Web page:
A recent widow trying to save her niece from the clutches of a notorious playboy sees her fall victim to a deadlier menace.
Emma Streat is putting her life back together after the murder of her husband Lewis and the fire that destroyed their home (Without Warning, 2007). Her sons safely tucked away at first-rate colleges, she’s pondering: move or rebuild? Then she gets a frantic call from Cathy Riordan, assistant to her lovely, talented niece Vanessa, who tells her that the diva is ready to chuck her opera career and fly to Sardinia with race-car driver Seth Barzalon. Leaving her soulless Boston rental, Emma arrives in Venice in time to watch Vanessa diss her audience by leaving the palazzo in Barzalon’s company without greeting her admirers. Discouraged, Emma returns to the Hotel Dordona, where she finds the body of Vanessa’s accompanist Mark Dykstra dangling from the curtain cord. With the help of her friend Lord Andrew Rodale, Emma manages to spirit Vanessa out of Venice despite the interdiction of Commissario Filardi. But the day after their return to Boston, Vanessa falls ill with a virus no one can identify. Barzalon sends his pet researcher, Dr. Greg Atkins, to reassure Emma, but not even a trip to Rodale’s Wiltshire estate can persuade her that all will be well. The narrative rarely leaves Emma’s head, presenting only one other character at a time and revealing nothing that isn’t filtered through her perceptions.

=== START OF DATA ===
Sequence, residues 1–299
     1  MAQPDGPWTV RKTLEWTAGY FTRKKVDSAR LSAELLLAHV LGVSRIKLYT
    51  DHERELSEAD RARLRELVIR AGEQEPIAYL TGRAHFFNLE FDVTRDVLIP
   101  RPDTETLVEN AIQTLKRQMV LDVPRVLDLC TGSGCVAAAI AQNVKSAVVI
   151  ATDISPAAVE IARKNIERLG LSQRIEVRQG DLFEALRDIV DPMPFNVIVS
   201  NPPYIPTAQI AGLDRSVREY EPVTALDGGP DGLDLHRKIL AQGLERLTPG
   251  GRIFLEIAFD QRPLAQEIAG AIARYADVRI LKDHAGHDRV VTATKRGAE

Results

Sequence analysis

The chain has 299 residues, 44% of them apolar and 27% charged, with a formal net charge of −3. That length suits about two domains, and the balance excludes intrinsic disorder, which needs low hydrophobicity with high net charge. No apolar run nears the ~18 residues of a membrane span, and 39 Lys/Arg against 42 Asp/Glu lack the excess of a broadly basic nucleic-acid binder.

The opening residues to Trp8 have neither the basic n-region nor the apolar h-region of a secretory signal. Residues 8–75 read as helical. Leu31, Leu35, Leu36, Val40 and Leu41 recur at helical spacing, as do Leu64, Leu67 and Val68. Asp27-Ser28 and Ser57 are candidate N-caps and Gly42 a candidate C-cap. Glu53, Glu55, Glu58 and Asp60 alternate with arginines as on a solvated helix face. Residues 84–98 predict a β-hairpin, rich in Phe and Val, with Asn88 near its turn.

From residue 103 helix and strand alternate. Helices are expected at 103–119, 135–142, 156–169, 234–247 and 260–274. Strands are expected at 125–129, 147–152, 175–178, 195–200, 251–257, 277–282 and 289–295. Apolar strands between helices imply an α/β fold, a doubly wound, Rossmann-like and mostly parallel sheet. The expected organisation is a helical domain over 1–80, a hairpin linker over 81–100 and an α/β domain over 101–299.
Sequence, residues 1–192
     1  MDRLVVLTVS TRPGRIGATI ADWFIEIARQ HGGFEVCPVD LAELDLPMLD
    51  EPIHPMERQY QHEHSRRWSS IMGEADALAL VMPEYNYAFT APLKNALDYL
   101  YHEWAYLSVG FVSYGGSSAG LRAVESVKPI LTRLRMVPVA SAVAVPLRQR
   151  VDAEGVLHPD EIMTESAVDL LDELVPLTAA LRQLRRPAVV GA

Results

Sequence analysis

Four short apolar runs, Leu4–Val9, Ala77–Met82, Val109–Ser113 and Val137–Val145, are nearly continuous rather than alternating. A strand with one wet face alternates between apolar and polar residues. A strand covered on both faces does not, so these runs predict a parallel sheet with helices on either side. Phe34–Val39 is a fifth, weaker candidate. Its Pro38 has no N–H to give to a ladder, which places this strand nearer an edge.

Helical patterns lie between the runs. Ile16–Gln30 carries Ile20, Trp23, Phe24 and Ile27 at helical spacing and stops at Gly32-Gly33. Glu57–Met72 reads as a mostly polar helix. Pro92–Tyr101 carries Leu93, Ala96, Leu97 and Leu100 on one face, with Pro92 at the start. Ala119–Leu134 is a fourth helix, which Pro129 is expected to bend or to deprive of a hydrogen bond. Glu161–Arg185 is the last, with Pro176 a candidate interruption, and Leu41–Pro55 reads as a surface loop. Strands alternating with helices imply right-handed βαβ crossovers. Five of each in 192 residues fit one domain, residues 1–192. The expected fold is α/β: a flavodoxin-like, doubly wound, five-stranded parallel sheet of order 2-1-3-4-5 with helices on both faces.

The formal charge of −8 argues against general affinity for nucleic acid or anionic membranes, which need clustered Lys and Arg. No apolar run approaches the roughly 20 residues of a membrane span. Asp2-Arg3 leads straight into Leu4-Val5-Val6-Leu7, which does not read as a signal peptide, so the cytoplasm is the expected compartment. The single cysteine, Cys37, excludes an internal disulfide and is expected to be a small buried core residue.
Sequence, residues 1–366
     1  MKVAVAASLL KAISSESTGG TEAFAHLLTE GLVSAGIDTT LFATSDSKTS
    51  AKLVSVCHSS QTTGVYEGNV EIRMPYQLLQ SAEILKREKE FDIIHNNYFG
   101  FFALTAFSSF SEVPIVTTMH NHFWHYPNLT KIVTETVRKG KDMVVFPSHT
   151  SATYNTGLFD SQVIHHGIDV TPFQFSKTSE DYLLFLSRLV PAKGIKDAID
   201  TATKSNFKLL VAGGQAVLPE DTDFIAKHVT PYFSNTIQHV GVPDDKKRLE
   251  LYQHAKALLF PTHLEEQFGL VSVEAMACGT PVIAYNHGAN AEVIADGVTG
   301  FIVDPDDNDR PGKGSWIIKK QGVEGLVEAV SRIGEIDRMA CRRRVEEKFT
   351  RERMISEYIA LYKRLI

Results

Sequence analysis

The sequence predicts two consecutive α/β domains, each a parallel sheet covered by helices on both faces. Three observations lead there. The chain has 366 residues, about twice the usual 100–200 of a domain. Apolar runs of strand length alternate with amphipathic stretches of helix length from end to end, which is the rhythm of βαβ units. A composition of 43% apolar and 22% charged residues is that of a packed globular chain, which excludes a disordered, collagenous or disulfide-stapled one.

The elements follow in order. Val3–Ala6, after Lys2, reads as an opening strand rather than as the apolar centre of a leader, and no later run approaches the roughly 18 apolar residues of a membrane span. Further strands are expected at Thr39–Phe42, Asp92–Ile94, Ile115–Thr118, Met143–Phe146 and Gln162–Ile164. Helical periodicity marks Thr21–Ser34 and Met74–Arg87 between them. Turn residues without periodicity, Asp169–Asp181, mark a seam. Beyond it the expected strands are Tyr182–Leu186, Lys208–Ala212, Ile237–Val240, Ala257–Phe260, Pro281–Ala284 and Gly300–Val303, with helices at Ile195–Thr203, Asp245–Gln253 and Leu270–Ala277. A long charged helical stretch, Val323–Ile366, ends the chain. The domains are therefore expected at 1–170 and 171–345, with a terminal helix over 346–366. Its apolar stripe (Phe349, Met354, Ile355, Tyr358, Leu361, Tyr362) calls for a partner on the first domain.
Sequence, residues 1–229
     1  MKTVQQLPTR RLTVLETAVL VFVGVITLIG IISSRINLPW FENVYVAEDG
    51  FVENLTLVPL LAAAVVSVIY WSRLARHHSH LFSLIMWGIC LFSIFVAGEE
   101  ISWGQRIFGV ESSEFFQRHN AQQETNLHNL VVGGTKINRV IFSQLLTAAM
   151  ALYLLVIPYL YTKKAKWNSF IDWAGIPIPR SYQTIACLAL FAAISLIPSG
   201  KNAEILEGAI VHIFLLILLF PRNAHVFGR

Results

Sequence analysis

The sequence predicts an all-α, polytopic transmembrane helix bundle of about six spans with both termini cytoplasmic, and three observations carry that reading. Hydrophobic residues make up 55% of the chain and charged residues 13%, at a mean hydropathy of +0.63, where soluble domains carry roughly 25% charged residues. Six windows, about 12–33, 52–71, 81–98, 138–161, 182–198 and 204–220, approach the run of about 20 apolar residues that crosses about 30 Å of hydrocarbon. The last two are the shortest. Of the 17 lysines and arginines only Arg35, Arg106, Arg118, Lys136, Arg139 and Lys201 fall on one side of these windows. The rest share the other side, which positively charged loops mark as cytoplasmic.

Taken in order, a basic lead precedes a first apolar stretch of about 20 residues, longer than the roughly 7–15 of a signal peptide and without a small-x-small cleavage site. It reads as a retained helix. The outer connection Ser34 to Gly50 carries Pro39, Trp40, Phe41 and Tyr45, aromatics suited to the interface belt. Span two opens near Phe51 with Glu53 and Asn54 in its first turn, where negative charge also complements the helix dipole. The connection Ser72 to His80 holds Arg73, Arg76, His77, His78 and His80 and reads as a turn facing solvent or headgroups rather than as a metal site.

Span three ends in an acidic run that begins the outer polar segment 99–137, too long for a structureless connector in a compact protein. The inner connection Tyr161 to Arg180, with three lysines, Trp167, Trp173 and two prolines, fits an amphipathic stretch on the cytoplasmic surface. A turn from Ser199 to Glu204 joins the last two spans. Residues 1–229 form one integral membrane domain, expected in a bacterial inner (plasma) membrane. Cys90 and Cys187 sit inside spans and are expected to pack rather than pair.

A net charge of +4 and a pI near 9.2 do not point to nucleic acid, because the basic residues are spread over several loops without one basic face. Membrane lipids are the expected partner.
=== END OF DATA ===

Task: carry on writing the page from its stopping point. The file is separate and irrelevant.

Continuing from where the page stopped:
Claustrophobic, even though it spans six time zones.